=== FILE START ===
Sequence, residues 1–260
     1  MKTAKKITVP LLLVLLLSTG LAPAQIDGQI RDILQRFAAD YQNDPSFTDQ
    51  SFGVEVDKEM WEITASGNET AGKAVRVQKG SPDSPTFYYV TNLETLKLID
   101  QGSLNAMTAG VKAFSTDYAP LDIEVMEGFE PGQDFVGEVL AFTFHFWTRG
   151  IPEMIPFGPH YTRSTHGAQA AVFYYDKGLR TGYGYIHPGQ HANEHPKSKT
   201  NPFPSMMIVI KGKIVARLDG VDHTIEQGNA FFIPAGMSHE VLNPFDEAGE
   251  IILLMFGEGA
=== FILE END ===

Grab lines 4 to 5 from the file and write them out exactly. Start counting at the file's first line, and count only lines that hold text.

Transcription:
   101  QGSLNAMTAG VKAFSTDYAP LDIEVMEGFE PGQDFVGEVL AFTFHFWTRG
   151  IPEMIPFGPH YTRSTHGAQA AVFYYDKGLR TGYGYIHPGQ HANEHPKSKT